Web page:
Krui Damar Agroforests



If you were to visit the Krui damar agroforests for the first time, you could be forgiven for thinking that these forests are natural forests, barely touched by humans. You would then be surprised to learn that you are in fact in an agroforest, which has been cultivated and sustainably managed by the indigenous
Krui people for more than a century.

The Krui damar agroforests — already well-known for their social, environmental and economic benefits — without doubt exemplify sustainable, community-based forest management. These agroforests, located along the southwestern coast of Sumatra (Pesisir) in the province of Lampung, cover an
area of approximately 50 000 hectares and serve as a buffer zone for the nearby
Bukit Barisan Selatan National Park.

The Krui agroforests are managed so that they can meet the short-, medium, and long-term livelihood needs of the Krui people. However, this unique forest management system does not only sustain the livelihoods of the Krui people; it also conserves biological values, enhances biodiversity and maintains ecological functions.

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Damar is a pale, yellowish, easily brittle resin with clean edges. Damar is found in Southeast Asia; the
name is Malay and means as much as resin or torch (torches made of damar are very good because they do not drip). Damar is obtained from trees belonging to the Diptocarpaceae family. The most important resin is the one belonging to the Shorea Wiesneri, also called Diptodammar. The most common damar on the market is obtained from Sumatra and may have a prefix according to the place of origin. Damar Krui (Shorea Javanica) is the most common types. Damar Krui is also called Damar Mata Kucing (Cat’s Eye Damar). The mata kucing is to be export to Singapore where it is processed and re-exported as incense, or as a base for paint, ink and varnish factories in industrial countries.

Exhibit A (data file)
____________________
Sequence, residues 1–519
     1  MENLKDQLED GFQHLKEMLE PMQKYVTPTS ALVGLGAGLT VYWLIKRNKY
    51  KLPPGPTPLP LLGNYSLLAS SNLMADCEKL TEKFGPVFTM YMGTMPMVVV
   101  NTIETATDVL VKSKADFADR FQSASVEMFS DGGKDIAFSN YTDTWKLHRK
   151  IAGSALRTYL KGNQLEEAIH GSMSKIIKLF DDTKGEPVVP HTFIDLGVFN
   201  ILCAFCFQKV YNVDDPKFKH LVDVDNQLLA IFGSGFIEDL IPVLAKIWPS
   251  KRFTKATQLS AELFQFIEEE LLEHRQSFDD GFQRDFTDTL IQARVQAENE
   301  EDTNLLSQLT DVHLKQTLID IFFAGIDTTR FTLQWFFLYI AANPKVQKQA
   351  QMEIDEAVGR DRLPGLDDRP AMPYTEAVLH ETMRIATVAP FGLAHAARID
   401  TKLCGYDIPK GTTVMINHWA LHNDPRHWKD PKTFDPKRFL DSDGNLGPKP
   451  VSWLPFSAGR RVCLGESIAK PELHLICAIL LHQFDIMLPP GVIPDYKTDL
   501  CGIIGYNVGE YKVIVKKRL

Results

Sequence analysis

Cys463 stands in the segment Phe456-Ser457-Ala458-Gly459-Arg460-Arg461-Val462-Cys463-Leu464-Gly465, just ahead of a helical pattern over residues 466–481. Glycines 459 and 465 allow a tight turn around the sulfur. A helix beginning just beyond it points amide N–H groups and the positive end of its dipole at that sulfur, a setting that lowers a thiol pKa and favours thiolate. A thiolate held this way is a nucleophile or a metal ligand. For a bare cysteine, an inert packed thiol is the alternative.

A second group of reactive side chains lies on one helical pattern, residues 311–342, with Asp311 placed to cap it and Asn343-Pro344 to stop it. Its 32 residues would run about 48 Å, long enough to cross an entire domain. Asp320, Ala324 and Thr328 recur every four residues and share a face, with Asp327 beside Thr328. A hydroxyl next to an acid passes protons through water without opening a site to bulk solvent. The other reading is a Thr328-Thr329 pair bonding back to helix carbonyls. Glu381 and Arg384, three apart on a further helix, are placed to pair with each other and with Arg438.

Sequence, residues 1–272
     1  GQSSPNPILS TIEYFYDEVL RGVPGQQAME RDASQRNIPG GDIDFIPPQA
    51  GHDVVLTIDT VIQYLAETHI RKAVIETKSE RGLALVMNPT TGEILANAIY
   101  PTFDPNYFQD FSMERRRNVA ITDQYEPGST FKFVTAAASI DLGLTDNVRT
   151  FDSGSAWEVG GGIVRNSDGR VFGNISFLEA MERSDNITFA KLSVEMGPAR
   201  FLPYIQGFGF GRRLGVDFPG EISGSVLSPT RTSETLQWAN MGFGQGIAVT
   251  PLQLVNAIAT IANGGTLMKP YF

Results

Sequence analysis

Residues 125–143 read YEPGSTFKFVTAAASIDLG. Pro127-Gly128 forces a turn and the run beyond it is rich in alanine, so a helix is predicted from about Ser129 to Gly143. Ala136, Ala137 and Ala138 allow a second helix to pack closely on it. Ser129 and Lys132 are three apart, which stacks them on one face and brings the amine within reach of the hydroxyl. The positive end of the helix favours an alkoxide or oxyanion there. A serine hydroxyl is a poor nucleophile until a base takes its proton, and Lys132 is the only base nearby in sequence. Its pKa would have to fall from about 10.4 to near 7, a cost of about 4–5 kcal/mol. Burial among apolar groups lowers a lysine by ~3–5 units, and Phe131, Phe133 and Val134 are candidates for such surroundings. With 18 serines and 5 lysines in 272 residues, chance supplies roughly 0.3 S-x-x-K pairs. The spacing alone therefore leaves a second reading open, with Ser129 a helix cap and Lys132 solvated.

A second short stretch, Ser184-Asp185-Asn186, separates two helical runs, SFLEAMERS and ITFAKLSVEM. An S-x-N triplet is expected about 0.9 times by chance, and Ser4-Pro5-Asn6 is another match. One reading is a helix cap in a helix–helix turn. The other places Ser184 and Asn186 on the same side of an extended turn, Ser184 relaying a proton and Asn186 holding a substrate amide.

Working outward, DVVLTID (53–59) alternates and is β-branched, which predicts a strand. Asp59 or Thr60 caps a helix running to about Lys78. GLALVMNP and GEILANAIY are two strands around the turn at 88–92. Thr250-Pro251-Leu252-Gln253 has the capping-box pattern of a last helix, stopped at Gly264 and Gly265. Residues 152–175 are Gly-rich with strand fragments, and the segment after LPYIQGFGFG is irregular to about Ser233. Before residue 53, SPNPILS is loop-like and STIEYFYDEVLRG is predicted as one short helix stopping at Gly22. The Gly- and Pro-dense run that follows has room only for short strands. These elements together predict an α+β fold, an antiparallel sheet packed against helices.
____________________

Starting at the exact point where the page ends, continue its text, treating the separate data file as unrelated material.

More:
Damar is obtained by cutting deep edges in the trees, in which the resin can accumulate. Dammar contains about 40 % resen, dissolvable in alcohol (alpha-resen), and about 22 % resin, nondissolvable in alcohol (beta-resen). Furthermore it contains about 23 % dammarol acid and2.5 % water. The slight odor is obtained from the small amount of ethereal oils

For Krui people, Damar agroforest is a multigenerational concept of plantation as well as land conservation. Quite a majority of farmers in Krui manage this plantation that they inherited from their ancestors back in the late of eighteen century. Damar trees that can grow up to 50 meters height and 100 years old can procure native farmers of Krui a regular monthly income as the trees regularly produce sap (rezin) every month, while other perennial trees in between like durian and duku, can also procure them some seasonal incomes.


Sources:
1. Cassen, Anne. The Cat’s Eye Forest. The Krui Damar Garden

2. Dr. Georg Kremer, Dipl.-Chemiker, Farbmühle, DE-88317 Aichstetten/Allgäu, Phone +49-7565-91120, Fax +49-7565-1606 kremer-pigmente@t-online.de, www.kremer-pigmente.com

comment 1 comments:

Anonymous said...

really miss this pleace..the forest, rain drops, path, cloud..

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